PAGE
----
CONSORTIUM FOR HEALTH POLICY AND SYSTEMS ANALYSIS IN AFRICA: Comparative Results of Capacity Needs Assessments in African partner institutions
The Consortium for Health Policy and Systems Analysis in Africa (CHEPSAA) project is aimed at building the field of health policy and systems research and analysis (HPSA) in Africa. Specifically, CHEPSAA aims to increase sustainable African capacity to produce and use high quality health policy and systems analysis HPSA. These objectives will be met through the activities of 5 Work Packages (WP), the first of which is an HPSA capacity needs assessment. The needs assessment assumes that to build the field, we first need to strengthen the CHEPSAA partner institutions. It was undertaken in 2 phases:
· County context mapping by country partners was undertaken from April-May 2011
Over the past several decades, the world has witnessed some astonishing global health success stories—from the eradication of smallpox to the expanding control of other vaccine-preventable diseases to the widespread provision of effective treatment for HIV/AIDS to millions of people. Yet, for all these public health and medical advances, a startling number of women still die each year from causes linked to pregnancy and childbirth: 287,000, according to the most recent consensus estimates. Eighty-five percent of these deaths occur in sub-Saharan Africa and South Asia. Many if not most are thought to be avoidable given adequate maternal access to emergency obstetric care.
The School of Public Health at the University of the Western Cape is a WHO Collaborating Centre, and has an international reputation as a leading research and teaching institution in Public Health. Its educational and research activities are wide-ranging, with a special focus on health systems research, primary health care, social determinants of health, priority conditions (including TB/HIV and chronic disease) and the implementation of district health systems. The School’s distance learning postgraduate programme, offered through a range of learning media, is unique in Southern Africa.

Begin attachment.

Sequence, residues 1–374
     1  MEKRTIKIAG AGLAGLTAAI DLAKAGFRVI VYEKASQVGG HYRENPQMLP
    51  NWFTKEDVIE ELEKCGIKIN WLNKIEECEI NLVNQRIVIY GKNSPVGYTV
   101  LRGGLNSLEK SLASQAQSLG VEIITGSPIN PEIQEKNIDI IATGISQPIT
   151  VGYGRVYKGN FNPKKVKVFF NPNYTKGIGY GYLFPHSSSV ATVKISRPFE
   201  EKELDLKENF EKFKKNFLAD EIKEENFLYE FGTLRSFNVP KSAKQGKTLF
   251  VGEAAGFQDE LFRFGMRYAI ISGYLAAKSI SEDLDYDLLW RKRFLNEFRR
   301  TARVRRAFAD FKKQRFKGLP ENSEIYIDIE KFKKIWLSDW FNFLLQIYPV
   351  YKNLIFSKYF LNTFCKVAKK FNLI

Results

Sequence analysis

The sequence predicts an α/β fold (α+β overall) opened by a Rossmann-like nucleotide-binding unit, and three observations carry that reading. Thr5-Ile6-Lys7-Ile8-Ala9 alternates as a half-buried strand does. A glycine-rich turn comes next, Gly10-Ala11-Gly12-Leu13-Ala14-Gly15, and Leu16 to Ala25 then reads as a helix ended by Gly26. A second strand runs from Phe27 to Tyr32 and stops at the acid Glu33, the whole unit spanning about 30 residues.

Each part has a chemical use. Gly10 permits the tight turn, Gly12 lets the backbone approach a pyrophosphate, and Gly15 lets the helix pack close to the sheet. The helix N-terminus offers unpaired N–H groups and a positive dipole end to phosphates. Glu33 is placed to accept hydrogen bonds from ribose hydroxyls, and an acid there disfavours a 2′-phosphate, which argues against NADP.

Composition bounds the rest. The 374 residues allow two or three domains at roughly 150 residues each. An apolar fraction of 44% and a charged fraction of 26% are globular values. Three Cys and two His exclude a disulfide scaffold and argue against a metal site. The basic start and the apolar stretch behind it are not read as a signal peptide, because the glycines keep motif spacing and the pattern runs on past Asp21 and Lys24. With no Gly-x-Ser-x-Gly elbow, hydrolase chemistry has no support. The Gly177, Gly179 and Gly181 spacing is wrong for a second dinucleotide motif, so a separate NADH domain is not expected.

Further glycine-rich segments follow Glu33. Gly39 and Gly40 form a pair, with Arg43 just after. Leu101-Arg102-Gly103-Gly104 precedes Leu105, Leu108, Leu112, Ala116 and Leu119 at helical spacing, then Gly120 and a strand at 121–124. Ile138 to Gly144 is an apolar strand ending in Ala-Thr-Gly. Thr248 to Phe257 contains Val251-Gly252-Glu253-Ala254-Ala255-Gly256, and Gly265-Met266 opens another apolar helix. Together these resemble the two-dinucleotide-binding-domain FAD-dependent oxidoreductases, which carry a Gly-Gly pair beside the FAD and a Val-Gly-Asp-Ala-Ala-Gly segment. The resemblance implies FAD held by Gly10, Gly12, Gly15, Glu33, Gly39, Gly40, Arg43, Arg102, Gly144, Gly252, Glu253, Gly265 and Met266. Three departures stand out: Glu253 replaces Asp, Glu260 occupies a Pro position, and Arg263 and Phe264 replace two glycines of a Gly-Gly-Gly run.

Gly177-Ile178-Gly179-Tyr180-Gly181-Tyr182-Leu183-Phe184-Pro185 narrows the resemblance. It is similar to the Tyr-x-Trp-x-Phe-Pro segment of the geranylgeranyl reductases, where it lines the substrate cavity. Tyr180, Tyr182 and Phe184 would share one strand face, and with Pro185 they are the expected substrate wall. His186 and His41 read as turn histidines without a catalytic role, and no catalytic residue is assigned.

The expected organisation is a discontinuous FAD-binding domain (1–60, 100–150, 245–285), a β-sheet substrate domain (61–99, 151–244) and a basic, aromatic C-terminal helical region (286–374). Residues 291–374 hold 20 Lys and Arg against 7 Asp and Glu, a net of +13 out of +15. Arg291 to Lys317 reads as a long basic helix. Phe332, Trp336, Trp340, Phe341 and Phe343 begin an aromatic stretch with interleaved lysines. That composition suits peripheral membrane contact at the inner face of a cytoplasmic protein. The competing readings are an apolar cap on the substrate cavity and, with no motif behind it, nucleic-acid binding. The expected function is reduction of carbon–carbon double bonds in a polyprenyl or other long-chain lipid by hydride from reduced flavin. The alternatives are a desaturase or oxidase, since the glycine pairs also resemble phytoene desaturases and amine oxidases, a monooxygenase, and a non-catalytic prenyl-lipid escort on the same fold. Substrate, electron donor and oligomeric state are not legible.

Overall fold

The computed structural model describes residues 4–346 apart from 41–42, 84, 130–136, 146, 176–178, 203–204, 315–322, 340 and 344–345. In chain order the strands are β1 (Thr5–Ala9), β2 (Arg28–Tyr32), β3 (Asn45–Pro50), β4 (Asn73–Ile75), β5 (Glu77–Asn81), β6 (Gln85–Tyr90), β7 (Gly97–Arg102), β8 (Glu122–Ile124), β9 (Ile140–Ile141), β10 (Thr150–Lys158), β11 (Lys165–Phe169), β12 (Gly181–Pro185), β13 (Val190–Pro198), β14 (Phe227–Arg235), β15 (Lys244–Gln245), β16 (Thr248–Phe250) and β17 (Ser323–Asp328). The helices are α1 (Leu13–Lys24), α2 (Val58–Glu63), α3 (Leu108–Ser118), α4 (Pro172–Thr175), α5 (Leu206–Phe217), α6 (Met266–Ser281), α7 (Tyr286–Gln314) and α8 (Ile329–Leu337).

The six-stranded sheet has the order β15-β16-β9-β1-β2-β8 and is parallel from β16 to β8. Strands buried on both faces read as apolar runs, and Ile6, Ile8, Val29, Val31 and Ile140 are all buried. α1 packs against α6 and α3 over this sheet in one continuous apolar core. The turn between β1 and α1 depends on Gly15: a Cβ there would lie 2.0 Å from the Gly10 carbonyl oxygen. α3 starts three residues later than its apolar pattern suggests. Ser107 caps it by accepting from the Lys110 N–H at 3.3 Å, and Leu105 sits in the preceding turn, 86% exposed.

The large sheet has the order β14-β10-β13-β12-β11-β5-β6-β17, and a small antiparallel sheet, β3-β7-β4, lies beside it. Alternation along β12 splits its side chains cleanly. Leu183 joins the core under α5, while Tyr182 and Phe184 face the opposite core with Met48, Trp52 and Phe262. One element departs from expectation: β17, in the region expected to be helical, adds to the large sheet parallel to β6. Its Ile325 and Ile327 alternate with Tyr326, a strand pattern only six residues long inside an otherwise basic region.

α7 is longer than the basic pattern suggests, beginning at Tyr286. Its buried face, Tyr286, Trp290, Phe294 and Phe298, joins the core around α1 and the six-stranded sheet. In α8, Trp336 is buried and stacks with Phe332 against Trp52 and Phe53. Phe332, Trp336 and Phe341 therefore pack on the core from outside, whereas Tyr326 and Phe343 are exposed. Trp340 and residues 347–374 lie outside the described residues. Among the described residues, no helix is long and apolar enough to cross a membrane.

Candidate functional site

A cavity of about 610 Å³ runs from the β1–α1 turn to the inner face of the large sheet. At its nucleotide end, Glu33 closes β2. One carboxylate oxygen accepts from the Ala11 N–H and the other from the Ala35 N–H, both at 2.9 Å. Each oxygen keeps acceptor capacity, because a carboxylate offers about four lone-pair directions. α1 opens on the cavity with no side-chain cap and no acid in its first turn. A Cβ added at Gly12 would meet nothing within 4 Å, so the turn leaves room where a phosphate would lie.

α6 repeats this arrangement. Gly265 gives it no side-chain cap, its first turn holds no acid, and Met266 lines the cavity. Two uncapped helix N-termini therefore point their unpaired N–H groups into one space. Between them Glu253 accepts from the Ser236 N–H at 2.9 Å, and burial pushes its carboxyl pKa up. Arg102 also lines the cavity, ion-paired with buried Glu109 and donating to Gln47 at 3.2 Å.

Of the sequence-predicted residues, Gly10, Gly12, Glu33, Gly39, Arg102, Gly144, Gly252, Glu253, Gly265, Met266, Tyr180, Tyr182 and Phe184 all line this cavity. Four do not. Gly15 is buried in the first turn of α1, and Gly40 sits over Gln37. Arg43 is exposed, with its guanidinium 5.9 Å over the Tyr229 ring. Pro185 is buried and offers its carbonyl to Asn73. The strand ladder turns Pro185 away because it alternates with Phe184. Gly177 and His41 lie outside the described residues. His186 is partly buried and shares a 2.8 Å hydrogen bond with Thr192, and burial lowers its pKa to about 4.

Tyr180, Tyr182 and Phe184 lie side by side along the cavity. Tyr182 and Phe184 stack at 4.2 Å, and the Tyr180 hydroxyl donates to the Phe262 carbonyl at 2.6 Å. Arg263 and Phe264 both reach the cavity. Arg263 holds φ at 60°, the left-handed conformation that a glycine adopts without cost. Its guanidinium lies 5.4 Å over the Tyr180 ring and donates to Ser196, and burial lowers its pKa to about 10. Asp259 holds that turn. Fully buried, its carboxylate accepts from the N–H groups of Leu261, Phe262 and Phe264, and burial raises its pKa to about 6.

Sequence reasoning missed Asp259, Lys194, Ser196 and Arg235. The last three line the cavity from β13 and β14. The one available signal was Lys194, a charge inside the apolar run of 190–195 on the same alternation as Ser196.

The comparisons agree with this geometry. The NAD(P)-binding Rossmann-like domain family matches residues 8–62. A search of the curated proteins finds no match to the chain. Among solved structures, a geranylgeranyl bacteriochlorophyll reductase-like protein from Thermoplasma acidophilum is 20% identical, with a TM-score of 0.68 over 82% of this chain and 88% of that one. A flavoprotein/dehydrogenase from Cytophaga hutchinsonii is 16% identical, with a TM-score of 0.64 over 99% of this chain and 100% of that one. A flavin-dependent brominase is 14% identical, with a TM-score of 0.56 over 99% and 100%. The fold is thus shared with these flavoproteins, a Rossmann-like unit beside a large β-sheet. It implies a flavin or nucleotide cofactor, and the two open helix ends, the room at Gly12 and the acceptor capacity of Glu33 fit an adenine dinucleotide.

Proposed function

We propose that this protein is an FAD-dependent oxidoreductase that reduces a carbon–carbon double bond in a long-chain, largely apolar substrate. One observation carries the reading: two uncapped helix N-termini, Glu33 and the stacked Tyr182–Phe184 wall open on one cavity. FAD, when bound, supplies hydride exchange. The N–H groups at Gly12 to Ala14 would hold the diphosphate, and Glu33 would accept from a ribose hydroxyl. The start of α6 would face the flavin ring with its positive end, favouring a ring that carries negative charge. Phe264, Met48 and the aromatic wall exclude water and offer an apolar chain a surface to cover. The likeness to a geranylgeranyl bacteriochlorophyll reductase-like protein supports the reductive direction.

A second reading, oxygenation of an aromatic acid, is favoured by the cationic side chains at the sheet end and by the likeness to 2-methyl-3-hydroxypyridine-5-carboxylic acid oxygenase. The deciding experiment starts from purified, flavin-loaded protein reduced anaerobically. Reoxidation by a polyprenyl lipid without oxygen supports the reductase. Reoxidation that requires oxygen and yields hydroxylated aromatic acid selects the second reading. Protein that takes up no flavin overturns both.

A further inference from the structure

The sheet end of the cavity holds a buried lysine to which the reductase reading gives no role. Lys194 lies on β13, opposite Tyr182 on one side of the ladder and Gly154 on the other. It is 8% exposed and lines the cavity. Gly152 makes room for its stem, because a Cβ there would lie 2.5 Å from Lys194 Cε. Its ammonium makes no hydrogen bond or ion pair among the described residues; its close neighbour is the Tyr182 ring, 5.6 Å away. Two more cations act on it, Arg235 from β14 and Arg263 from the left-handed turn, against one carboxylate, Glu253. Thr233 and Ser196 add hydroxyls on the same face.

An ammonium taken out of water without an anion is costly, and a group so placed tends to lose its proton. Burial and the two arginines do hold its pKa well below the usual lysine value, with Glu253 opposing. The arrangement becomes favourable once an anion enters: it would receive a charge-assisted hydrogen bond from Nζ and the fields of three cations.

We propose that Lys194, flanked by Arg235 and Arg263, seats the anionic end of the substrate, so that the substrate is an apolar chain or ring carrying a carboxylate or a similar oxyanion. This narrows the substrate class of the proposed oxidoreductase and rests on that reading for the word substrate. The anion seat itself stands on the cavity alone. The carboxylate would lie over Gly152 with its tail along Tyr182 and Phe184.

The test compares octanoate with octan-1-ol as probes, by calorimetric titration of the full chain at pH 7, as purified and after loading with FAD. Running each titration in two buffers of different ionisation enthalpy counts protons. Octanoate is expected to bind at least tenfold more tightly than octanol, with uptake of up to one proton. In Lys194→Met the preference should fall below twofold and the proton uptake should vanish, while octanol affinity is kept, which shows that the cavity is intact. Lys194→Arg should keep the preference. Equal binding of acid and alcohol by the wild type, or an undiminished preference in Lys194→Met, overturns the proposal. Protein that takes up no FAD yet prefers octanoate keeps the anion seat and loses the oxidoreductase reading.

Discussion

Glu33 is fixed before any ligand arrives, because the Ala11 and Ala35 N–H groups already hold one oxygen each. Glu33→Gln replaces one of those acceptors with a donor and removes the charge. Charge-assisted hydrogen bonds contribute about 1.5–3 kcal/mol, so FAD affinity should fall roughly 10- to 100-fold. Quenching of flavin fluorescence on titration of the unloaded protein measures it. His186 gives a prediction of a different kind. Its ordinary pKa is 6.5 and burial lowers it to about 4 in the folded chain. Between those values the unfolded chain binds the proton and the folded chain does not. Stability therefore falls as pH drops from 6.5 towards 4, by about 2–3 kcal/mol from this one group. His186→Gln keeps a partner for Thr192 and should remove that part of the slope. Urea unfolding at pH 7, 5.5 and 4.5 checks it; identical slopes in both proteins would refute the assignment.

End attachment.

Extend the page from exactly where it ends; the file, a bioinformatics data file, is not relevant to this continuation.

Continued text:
This Roadmap presents a set of practical African-sourced solutions for enhancing shared responsibility and global solidarity for AIDS, TB and malaria responses in Africa on a sustainable basis by 2015. The solutions are organized around three strategic pillars: diversified financing; access to medicines; and enhanced health governance.
The Roadmap defines goals, results and roles and responsibilities to hold stakeholders accountable for the realization of these solutions between 2012 and 2015.
Windows of Opportunity Project: Review and Analysis of Maternal and Child Health Development Data for Four Project Districts in South Africa